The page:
Attention of Viewers While Viewing Paintings Changes with the Different CCTs of Exhibition Light: A Quantitative Approach with Eye-Tracking Method

  • Amrita BhattacharjeeEmail author
  • Swati Pal
Conference paper
Part of the Smart Innovation, Systems and Technologies book series (SIST, volume 135)


Light influences the appearance of paintings in any exhibition. Few studies have experimented with correlated colour temperature (CCT) and illuminance of light to understand the lighting preference of viewers while viewing paintings. However, effect of only CCT on viewers’ perception is still a debatable issue. Also, previous studies in this regard have taken subjective approach with category rating that may lead to inconsistent conclusion. Therefore, a study has been designed with quantitative approach using eye-tracking method (N = 10) to verify the effect of different CCTs on viewers’ attention. The experimental result shows that viewers’ attention while viewing similar paintings changes with different CCTs of exhibition light having all other light parameters constant.


Attention Light Painting 


  1. 1.
    Nancy, C.B.: Aesthetic composition and the language of light, a subject of academic inquiry. J. Inter. Des. 30(3), 8–22 (2004)Google Scholar
  2. 2.
    Simon, U.: Analysing Architecture. Routledge, London (1997)Google Scholar
  3. 3.
    Kruithof, A.: Philips Techn. Rev. (1941)Google Scholar
  4. 4.
    Ao-Thongthip, S., Suriyothin, P., Inkarojrit, V.: The combined effect of gender and age on preferred illuminance and colour temperature in daily living activities Lux Pacifica 441–445 (2013)Google Scholar
  5. 5.
    Vienot, F., Duranda M., Mahler, E.: Kruithof’s rule revisited using LED illumination. J. Mod. Opt. 56(13), 1433–1446, 20 (2009)CrossRefGoogle Scholar
  6. 6.
    Boyce, PR., Cuttle, C.: Effect of correlated colour temperature on the perception of interiors and colour discrimination. Lighting Res. Technol. 22(1), 19–36 (1990)Google Scholar
  7. 7.
    Davis, R., Ginthner, D.: Correlated color temperature, illuminance level and the Kruithof curve. J. Illum. Eng. Soc. 27–38 (1990)CrossRefGoogle Scholar
  8. 8.
    Wei, M., Houser, K., Orland, B., Lang, D., Ra, N., Sliwinski, M., Bose, M.: Field study of office worker responses to fluorescent lighting of different CCT and lumen output. Environ. Psycho. 39, 62–76 (2014)CrossRefGoogle Scholar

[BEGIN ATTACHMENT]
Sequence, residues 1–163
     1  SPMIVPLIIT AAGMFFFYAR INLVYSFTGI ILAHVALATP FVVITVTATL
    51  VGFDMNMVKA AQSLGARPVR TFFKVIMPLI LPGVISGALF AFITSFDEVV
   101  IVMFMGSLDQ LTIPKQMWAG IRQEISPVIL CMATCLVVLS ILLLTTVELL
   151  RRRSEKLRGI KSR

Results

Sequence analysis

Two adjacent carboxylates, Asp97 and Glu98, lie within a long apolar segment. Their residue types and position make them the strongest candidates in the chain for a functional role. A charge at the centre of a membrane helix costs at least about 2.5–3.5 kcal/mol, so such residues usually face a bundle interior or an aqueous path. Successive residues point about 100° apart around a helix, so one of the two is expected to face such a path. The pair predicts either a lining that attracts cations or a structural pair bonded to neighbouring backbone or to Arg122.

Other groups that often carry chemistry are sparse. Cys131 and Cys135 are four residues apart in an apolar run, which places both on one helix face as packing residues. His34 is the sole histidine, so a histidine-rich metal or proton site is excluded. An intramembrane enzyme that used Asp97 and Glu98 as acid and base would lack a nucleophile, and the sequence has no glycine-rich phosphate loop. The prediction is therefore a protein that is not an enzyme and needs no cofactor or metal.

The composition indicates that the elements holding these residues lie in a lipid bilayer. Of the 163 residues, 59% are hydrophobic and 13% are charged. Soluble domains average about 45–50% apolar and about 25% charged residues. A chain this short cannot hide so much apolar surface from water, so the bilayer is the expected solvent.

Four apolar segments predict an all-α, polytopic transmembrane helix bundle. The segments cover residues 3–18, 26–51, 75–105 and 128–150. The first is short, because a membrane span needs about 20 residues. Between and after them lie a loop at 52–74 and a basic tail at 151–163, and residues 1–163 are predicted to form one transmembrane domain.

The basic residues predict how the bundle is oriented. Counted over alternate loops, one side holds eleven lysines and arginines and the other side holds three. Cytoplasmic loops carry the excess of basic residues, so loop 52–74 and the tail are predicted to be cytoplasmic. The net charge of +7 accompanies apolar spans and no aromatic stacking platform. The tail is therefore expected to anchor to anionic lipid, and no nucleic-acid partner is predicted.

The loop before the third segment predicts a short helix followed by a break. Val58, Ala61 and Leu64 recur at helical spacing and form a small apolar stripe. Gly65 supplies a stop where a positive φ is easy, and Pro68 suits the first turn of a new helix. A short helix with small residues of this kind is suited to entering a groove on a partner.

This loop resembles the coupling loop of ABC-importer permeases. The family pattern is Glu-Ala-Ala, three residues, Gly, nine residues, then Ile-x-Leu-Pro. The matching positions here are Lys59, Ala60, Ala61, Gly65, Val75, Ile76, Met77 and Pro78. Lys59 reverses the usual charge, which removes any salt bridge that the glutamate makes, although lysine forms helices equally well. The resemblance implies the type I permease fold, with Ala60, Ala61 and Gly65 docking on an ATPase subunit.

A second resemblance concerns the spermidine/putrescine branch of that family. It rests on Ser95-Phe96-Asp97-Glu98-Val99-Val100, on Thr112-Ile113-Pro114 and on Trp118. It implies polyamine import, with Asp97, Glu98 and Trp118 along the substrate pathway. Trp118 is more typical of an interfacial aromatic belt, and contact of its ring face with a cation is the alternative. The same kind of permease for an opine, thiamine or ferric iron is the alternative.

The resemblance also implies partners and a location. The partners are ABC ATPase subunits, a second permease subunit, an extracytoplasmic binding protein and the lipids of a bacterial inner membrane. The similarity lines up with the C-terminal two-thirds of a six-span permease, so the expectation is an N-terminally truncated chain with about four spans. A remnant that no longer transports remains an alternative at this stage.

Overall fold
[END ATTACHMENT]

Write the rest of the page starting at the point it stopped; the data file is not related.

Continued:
9. 9.
    Dikel, E., Burns, G., Veitch, J.A., Mancini, S., Newsham, G.R.: Preferred chromaticity of color-tunable LED lighting. Leukos 10(2), 101–115 (2014)CrossRefGoogle Scholar
  10. 10.
    Han, S., Boyce, P.: Illuminance, CCT, décor and the Kruithof curve, In: CIE, San Diego (2003)Google Scholar
  11. 11.
    Chou, C., Luo, H., Chen, H., Luo, M.: Museum lighting environment: build up perception zone maps on led illumination. In: Lighting Quality and Energy Efficiency. Kuala Lumpur (2014)Google Scholar
  12. 12.
    Zhai, Q., Luo, M., Liu, X.: The impact of illuminance and colour temperature on viewing fine art paintings under LED lighting. Lighting Res. Technol. 47(7), 795–809 (2015)CrossRefGoogle Scholar
  13. 13.
    Yoshizawa, N., Fujiwara, T., Miyashita, T.: A study on the appearance of paintings in the museum under violet and blue LED. In: CIE 474–381 (2013)Google Scholar
  14. 14.
    Tiller, D.: Qualite´ de l’e´clairage, [Online]. Available:
  15. 15.
    Fotios, S.: Lamp colour properties and apparent brightness: a review. Lighting Res. Technol. 33(3), 163–181 (2001)CrossRefGoogle Scholar
  16. 16.
    Fotios, S.: A revised Kruithof graph based on empirical data. LEUKOS (2016)Google Scholar
  17. 17.
    Brown, T.C., Daniel, T.C.: Scaling of Ratings: Concepts and Methods. USDA Forest Service, Rocky Mountain Forest and Range Experiment Station (1990)CrossRefGoogle Scholar
  18. 18.
    Giacomo, R., Lucia, R., Isabella, D., Carlo, U.: Reorienting attention across the horizontal and vertical meridians: evidence in favor of a premotor theory of attention. Neuropsychologia 31–40 (1987)Google Scholar
  19. 19.
    Bhattacharjee, A., Pal, S.: Attention of viewers while viewing paintings depends on different types of exhibition light: A quantitative approach with eye-tracking method. In: AHFE, Florida (2018)Google Scholar
  20. 20.
    Mello-Thoms, C., Nodine C.F., Kundel, H.L.: What attracts the eye to the location of missed and reported breast cancers?, In: Eye Tracking Research and Applications Symposium 2002, NY (2004)Google Scholar
  21. 21.
    Bhattacharjee, A., Mazumdar, S.: A study of the suitability of led light sources over conventional light sources in a museum environment. Light Eng. 24(1), 36–40 (2016)Google Scholar
  22. 22.
    Scuello, M., Israel, A., James, G., Steven, W.: Museum lighting: optimizing the illuminant. Color Res. Appl. 29, 121–127 (2004)CrossRefGoogle Scholar
  23. 23.
    Feller, R.: Control of deteriorating seffects of light upon museum objects. Museum 17, 57–98 (1964)CrossRefGoogle Scholar
  24. 24.
    I. E. S. o. N. America.: The IESNA Lighting Handbook, IES (2000)Google Scholar
  25. 25.
    Amaratunga, D., David, B., Marjan, S., Rita, N.: Quantitative and qualitative research in the built environment: application of “mixed” research approach. Work Study 51(1), 17–31 (2002)CrossRefGoogle Scholar
  26. 26.
    Sakamoto, K.: Difference in the color preference by a geographical factor. Int. J. Soc. Behav. Educ. Econ. Bus. Ind. Eng. 7(11), 2867–2871 (2013)Google Scholar

Copyright information

© Springer Nature Singapore Pte Ltd. 2019

Authors and Affiliations

  1. 1.Department of DesignIIT GuwahatiGuwahatiIndia

Personalised recommendations